04/25/2007, 00.00
Send to a friend

The battle for Uttar Pradesh

by Nirmala Carvalho
A third coalition enters the campaign for election to the new parliament, also decisive for the federal government. Backed by various ex premiers, it aims to attract floating voters deluded by the big parties’ failure to maintain promises.

New Delhi (AsiaNews) – On April 23, during the 4th of the 7 rounds of voting in Uttar Pradesh (Up) elections, three former prime ministers united to form a “Third Front”.   They back reconfirmation of the current premier Mulayam Singh Yadav and describe themselves a san alternative to both the ‘communal” Bharatiya Janata Party and “corruption-ridden Congress”.

All three (J Jayalalitha, former Andhra Pradesh chief minister and Telugu Desam Party (TDP) chief Chandrababu Naidu and former Haryana boss Om Prakash Chautala ) have been part of the National Democratic Alliance (NDA), headed by Mulayam Singh's sworn political adversary Bharatiya Janata Party (BJP). Former Karnataka chief minister S. Bangarappa is also expected to join.

The UP election (175 million eligible voters) is decisive on a nationwide level as the State nominates 80 members of the Federal Parliament.  Thousands of candidates are contesting the 403 seats in the local parliament, in a staggered election which began on April 8th and will conclude after 7 rounds on May 8th.  Over 80% live in rural villages where access to education, health care electricity and other public services are virtually non existent.  Infrastructure is also insufficient in the vast area.  People complain that once candidates are elected they “disappear” along with their promises.  This is why a new part, which describes itself as an alternative to the two main coalitions, may attract the protest vote from those hopeful of change.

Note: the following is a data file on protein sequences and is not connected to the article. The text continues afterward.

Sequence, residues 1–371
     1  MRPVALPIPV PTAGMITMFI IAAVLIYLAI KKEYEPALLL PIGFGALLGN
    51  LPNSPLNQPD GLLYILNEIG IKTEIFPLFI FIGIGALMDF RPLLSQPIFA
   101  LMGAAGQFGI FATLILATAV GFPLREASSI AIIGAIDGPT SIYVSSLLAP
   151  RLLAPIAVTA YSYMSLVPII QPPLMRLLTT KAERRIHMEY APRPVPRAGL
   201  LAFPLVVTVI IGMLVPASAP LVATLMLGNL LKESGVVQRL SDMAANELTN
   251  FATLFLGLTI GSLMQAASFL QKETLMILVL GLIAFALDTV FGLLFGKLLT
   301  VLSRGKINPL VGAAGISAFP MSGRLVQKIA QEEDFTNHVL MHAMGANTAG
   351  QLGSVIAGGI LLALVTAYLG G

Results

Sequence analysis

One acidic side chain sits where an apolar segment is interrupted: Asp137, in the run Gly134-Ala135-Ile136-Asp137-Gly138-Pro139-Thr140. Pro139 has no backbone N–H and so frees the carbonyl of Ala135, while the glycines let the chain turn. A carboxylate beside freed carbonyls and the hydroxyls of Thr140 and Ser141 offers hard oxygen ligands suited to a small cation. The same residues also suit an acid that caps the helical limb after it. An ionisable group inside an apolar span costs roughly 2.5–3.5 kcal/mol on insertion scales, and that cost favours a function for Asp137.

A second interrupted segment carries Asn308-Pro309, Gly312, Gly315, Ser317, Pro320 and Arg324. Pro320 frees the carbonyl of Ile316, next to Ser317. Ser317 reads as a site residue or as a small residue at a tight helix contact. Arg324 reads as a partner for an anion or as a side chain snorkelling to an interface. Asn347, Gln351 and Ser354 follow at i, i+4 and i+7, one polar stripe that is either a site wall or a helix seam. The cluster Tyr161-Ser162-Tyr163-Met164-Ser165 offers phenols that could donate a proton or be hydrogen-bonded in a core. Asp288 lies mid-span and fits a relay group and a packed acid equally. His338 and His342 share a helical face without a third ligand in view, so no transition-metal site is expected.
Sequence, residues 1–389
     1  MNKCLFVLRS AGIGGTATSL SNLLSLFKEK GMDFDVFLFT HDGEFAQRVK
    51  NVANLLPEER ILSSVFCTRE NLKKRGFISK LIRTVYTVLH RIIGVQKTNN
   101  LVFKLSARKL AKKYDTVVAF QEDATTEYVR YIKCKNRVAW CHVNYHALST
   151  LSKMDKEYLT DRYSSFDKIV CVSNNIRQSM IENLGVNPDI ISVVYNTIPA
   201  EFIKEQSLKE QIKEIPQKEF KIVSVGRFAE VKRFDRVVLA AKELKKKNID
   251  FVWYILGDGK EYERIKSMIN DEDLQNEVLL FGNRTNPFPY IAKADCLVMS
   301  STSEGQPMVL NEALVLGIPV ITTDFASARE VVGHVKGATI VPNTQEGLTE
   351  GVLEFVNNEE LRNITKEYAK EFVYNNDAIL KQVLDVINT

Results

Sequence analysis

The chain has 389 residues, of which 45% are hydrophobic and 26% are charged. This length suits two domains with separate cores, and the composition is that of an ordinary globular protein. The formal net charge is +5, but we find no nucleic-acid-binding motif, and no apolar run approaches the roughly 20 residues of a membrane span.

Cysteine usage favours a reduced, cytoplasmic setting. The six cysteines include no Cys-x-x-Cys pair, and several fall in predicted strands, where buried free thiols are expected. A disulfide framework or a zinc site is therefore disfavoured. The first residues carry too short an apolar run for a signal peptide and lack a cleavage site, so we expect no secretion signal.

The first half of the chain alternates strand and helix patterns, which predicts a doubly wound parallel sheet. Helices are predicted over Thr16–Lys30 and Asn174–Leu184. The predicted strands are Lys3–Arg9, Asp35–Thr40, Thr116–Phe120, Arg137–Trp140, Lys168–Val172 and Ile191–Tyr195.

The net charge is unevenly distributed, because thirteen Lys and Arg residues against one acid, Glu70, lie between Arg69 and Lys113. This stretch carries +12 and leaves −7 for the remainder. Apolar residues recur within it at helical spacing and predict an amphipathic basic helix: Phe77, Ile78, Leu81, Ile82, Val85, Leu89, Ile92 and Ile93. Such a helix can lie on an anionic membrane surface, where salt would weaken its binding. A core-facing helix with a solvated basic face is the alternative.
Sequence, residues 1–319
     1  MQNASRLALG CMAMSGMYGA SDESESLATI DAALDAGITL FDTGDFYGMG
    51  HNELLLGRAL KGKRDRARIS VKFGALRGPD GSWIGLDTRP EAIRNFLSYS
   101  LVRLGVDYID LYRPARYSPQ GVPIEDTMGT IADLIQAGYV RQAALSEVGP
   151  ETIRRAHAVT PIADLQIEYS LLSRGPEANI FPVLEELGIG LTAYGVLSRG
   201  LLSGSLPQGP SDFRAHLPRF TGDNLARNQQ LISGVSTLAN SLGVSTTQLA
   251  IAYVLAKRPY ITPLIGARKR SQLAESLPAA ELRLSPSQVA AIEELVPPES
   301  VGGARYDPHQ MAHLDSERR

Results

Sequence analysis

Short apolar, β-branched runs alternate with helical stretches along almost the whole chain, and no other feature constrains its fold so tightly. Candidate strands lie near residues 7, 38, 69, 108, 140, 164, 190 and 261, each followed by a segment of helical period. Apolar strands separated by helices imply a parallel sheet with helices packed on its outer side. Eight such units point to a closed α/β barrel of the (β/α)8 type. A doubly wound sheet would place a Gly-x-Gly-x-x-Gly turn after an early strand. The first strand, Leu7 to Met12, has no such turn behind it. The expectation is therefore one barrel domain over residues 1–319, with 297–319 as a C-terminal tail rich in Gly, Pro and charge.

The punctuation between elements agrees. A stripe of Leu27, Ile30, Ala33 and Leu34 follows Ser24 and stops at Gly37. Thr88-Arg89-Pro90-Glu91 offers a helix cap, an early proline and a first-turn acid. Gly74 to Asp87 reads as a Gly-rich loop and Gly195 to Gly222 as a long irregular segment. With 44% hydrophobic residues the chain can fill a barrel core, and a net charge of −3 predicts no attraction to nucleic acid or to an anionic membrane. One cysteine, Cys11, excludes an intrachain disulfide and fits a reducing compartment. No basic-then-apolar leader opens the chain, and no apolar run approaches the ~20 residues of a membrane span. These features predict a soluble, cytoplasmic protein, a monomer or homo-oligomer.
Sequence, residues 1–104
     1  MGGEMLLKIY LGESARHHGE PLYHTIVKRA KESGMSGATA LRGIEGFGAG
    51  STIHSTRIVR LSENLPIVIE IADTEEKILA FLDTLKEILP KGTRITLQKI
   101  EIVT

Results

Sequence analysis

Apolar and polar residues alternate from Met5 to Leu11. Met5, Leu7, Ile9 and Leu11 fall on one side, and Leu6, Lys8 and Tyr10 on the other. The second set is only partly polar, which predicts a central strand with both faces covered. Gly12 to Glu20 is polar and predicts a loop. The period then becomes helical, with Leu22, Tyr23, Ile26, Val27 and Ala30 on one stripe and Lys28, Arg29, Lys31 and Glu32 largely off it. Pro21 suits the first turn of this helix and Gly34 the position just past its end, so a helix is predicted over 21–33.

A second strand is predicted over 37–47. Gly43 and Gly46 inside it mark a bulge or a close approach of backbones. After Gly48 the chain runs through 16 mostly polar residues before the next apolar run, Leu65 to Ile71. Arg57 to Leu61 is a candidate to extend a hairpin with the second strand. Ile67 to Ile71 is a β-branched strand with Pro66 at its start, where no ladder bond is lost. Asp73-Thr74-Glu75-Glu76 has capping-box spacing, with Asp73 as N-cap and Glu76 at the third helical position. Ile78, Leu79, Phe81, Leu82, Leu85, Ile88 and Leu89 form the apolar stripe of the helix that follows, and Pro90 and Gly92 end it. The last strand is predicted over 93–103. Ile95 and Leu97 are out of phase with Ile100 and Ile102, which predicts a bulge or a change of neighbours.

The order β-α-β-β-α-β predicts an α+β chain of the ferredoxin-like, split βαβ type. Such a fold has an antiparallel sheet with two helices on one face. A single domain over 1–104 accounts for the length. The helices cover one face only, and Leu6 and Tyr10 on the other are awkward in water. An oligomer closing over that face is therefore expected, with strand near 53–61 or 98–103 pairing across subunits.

On April 23, JJayalalithaa took everyone by surprise at an election rally by making a full-length speech in Hindi even though she is from Tamil Nadu, a State which, since the early ‘30s, has opposed the choice of Hindi as the national language. In the 60’s there were violent clashes with police causing death and injury to thousands of demonstrators, some of whom covered themselves in petrol and set themselves on fire in protest.  She spoke above all about the bad governance of the current leaders in India.

Chandrababu Naidu also spoke in Hindi and attacked the Congress and the BJP, he said “while Congress is opportunistic and playing the religion card, BJP is furthering its sectarian agenda [Hindu nationalism]”.

Experts observe that in 2003, Mulayam Singh Yadav, despite being an independent, was elected premier thanks to the in direct support of the Bjp, while his Samajwadi party (social democrat) has been an historic rival supported by inferior casts and the Islamic vote.  His has filled government posts for over 30 years and has on numerous occasions changed his alliances.


Send to a friend
Printable version
See also
Arunachal Pradesh: young people vote for "good leaders"
12/04/2019 13:51
Arunachal Pradesh: two statues of Mary stolen (and later found)
01/04/2019 12:03
After the regional elections, the Hindu nationalists dominate in India
20/03/2017 11:53
Modi triumphs in India's regional elections and pushes the decline of Rahul Gandhi
14/03/2017 12:19
A national anti-conversion law to "save" India's Hindus